When people think of California, they often think of the Golden State’s world-leading industries, its incredible natural beauty and its optimistic, can-do spirit. Unfortunately, the state is also well-known for another, less positive feature: its poor legal climate for businesses.
For a decade now, my organization, the U.S. Chamber Institute for Legal Reform, has been measuring how businesses view the litigation climates in the fifty states. In the latest survey, conducted by Harris Interactive, a leading global, non-partisan polling firm, California’s legal climate is ranked 47th out of 50 states, a record low for the state. Only Mississippi, Louisiana and West Virginia ranked lower.
Why is California ranked so low? There are many possible reasons. First, the state has a number of laws and procedures that encourage questionable lawsuits. These include the state’s Unfair Competition Law, which allows lawsuits against businesses even when a plaintiff can’t demonstrate any injury or deception, and Proposition 65, a consumer protection statute that has led to lawsuits against parking lots (for failing to post warnings about automobile exhaust) and even businesses with painted walls (for failing to warn about chemicals in paint). Then there’s the state’s version of the Americans with Disabilities Act (ADA), which has led to thousands of drive-by lawsuits against small businesses that have nothing to do with improving access for the disabled and everything to do with making profits for plaintiffs’ lawyers.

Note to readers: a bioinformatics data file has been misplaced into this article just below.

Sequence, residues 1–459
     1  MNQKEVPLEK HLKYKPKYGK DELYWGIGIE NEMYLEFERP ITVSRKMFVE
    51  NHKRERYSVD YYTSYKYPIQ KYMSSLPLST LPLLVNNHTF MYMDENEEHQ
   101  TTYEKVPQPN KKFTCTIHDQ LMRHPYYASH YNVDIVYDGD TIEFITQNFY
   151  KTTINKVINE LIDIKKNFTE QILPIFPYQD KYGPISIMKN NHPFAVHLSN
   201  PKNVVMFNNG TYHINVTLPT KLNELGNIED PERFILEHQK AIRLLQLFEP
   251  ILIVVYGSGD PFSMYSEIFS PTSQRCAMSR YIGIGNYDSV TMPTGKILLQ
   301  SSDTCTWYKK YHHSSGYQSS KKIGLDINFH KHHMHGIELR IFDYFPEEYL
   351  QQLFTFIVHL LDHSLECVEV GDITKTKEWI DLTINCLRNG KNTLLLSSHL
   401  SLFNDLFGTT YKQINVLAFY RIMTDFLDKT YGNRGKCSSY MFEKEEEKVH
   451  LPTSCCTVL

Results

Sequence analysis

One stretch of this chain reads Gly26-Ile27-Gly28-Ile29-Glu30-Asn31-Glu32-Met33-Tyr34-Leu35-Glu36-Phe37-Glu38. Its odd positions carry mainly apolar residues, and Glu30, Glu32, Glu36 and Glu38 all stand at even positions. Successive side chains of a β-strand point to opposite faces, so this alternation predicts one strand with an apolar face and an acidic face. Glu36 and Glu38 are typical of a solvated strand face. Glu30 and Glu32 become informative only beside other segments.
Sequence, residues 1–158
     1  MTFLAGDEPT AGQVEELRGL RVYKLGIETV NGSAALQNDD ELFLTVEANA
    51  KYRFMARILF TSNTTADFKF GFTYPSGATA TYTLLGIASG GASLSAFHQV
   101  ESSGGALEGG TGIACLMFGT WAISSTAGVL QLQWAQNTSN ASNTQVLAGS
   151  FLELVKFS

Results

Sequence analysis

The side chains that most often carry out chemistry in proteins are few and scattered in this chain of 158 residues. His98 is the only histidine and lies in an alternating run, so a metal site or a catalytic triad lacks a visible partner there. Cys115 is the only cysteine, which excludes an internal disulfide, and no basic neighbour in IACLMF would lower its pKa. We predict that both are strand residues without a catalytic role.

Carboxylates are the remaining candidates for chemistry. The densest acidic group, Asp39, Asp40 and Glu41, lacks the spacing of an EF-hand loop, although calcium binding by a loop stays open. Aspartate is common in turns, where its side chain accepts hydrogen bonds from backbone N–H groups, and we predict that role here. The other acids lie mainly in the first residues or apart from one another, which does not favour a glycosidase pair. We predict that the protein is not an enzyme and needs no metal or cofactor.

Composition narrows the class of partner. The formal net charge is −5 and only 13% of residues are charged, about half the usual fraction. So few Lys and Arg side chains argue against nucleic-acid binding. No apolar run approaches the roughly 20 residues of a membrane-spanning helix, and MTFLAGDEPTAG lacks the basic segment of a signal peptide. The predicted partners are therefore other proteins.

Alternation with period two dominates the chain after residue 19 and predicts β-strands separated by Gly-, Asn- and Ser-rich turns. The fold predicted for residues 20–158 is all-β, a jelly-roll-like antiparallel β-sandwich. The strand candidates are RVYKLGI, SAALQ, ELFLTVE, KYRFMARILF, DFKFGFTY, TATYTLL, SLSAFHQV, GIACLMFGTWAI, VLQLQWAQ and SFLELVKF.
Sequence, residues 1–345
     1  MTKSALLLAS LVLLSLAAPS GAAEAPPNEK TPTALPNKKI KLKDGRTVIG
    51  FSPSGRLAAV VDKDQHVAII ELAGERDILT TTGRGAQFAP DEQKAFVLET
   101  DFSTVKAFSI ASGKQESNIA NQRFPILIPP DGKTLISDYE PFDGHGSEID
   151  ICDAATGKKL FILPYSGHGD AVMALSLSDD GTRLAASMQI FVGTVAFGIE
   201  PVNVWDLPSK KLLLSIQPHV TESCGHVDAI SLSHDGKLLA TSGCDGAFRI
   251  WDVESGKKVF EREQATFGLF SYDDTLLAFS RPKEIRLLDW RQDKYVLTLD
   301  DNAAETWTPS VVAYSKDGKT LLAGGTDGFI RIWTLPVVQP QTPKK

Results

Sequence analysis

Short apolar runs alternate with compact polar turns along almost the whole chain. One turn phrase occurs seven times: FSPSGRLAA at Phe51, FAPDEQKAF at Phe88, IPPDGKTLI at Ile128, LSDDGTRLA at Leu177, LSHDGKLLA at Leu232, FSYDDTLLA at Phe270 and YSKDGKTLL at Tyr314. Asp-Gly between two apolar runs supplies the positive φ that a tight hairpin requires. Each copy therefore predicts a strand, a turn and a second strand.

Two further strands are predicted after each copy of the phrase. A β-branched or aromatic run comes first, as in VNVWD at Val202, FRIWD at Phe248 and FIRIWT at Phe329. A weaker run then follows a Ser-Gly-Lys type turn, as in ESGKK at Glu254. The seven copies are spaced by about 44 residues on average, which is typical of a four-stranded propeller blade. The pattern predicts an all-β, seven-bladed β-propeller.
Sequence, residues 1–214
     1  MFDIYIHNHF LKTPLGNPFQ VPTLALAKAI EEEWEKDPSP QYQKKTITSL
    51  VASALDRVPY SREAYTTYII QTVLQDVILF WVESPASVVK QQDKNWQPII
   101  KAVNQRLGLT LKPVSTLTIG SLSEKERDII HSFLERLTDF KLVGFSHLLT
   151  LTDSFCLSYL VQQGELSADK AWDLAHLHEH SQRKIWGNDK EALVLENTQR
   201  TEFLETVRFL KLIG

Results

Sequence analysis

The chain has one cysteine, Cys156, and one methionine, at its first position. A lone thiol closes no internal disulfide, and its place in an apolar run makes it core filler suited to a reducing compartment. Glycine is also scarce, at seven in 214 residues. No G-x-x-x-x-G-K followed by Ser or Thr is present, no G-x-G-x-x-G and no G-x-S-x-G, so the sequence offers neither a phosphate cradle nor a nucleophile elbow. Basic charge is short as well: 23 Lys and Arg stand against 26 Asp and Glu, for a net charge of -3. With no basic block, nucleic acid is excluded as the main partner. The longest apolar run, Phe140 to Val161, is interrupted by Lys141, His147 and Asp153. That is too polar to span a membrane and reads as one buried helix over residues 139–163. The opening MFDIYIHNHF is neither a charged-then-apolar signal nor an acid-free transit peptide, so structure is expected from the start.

California’s legal climate has been further weakened in recent years by massive court funding cuts. These cuts, totaling more than $650 million per year (with an additional several hundred million dollars in cuts currently proposed), have already caused the Los Angeles court system to announce the closing of 56 courtrooms and the elimination of court reporters for civil trials. Inevitably, court funding cuts will lead to litigation delays, hurting businesses that rely on the court system to resolve disputes in a fair and expeditious manner.
A bad legal climate matters to businesses. In fact, seventy percent of the corporate counsel surveyed for our state legal climate ranking said that a state’s legal climate was likely to impact important business decisions, such as deciding where to locate new facilities or expand operations. By having one of the worst legal climates in the country, California is discouraging the business investment needed to help grow its economy and reduce its double-digit unemployment rate.
Thankfully, California’s elected leaders can take meaningful actions to improve the state’s legal environment. Just last week, Governor Brown signed legislation to reduce the number of frivolous ADA lawsuits. This small step could be followed by other measures to discourage excessive litigation and limit court delays. And the dividend from legal reform could be significant: as much as $5 billion per year in reduced tort costs and 283, 000 new jobs according to NERA Economic Consulting. That would mark a truly golden improvement for the Golden State’s legal climate.
(Lisa A. Rickard is the President of the U.S. Chamber Institute for Legal Reform. Originally posted on Fox & Hounds.)